Colonial heritage clock tower of Darjeeling, West Bengal - a colonial legacy

colonial Clock tower, Darjeling, west bengal. alamy com.
Darjeeling location map.
 There are many landmarks in Darjeeling town, West Bengal state that remind us of the past colonial period under the British.  There are historical schools, churches buildings, etc. You may find some of them on the Laden-La road, one being  the Darjeeling Municipality Building where an impressive and beautiful  Clock Tower  stands majestically in the front part. In 1850, the building came up and later  it was converted into a Town Hall as there was not a public building to host meetings, parties, ball, etc. The town hall  was declared a heritage site by the West Bengal Heritage Commission.
Clock tower, Darjeeling, WB Shutterstock.
Clock tower, Darjeeling, WB
Its foundation stone was laid by Lord Ronaldshay in October 1917. The hall was built at an estimated cost of Rs 2.5 lakh and one half it was borne by the Maharajah of Cooch Behar. The  plan  consisted of a  big hall  for 600 people, a reading room, a square, and a 100-ft-high stone clock tower with an octagonal gable roof and flag-staff.  It was inaugurated by Ronaldshay in 1921.  Earlier, the municipality was set-up in 1850 to run th administration of the growing small town that had lots of visitors  from the plains and settlers. and business people. As for the clock, it was made by GT Gent and Company of  England. The clock, though survived a devastating fire mishap in 1996, went dead  and  was repaired in 2006 through  the efforts of the Darjeeling Rotary Club.
The huge  musical clock chimes a fine musical tone followed by  striking of the bell at every hour,  reminding the common people of the hour of the day.The area around the clock tower is called 'Chowrasta', meaning   Four Roads. Many iconic business firms are located near-by  and you may call this area ''Downtown''. Chowrasta  has taxi stands, etc for the visitors. The amazing thing is many colonial structures, despite time and vagaries of changing weather and climate, have never lost the old-world charm. Nor have they become weak and unstable structures. Their charm is just irresistible.  No doubt, these old structures  have formed part of Darjeeling and  become  heritage landmarks. that need to be preserved for the posterity.  The pictuesque  hills near-by are dotted with well-maintained  tea gardens that add more charm to this hill station.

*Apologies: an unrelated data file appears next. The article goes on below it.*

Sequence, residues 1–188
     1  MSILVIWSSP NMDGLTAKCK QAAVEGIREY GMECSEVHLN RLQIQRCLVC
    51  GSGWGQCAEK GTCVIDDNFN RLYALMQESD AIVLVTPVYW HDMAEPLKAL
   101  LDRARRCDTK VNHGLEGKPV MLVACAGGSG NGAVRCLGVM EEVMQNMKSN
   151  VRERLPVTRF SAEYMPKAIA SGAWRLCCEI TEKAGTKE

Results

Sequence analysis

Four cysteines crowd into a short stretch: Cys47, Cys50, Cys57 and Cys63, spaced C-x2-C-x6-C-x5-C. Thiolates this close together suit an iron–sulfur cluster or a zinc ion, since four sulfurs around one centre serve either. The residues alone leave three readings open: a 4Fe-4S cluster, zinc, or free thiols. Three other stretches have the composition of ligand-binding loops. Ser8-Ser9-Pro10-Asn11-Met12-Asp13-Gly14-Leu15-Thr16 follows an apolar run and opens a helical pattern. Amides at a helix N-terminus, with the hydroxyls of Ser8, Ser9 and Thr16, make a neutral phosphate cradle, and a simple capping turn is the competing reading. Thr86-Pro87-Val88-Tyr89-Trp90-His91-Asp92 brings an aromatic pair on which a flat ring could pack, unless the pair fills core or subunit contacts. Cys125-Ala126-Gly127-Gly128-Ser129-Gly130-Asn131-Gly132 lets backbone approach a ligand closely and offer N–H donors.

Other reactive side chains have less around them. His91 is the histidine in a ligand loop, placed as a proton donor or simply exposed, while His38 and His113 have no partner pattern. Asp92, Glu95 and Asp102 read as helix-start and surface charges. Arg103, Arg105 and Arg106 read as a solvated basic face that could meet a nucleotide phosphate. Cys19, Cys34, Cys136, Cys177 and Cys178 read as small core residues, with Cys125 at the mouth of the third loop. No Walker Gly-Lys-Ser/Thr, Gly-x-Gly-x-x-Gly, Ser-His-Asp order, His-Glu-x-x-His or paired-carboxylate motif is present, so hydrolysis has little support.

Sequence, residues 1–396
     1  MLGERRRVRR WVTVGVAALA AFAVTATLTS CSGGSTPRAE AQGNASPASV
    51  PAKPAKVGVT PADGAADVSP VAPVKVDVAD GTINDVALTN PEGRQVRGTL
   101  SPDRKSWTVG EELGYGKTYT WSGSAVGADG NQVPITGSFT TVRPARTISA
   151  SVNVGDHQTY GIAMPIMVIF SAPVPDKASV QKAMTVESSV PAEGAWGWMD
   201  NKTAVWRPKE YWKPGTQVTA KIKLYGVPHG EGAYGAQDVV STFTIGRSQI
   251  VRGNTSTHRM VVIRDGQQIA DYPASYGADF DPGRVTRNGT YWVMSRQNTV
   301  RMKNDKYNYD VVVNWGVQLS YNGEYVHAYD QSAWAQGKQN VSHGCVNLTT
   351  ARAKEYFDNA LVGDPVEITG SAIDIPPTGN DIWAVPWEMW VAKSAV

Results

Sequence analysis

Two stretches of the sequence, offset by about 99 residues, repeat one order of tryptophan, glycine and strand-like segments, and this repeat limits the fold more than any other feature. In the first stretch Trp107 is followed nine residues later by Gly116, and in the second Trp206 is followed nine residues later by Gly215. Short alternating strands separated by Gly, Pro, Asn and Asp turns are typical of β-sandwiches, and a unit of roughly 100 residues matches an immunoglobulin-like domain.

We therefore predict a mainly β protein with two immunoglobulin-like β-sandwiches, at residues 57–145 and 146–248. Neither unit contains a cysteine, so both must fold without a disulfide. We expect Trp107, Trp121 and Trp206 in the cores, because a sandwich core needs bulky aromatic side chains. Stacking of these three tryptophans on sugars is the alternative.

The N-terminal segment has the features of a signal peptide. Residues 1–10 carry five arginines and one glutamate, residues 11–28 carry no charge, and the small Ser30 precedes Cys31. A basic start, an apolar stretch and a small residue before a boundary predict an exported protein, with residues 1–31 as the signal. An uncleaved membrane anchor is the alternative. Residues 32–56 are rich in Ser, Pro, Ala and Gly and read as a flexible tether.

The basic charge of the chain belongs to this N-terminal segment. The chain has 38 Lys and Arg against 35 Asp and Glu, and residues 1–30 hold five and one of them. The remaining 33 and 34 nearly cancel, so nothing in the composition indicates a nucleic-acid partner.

The Municipal limit of Darjeeling  originally included  the area ceded by the Raja of Sikkim in 1835 and extended from the hills below Pankhabari to the borders of Sikkim on the north.

The sporadic violence caused by the  Gorkhaland movement in mid-80s  in this part had a deep impact on the business and tourist industry. The Gorkhas of this land earned the wreath of the government agencies and the nearby states as  they caused heavy loss to the central government.  Subsequently after a long spell normalcy was restored in this part.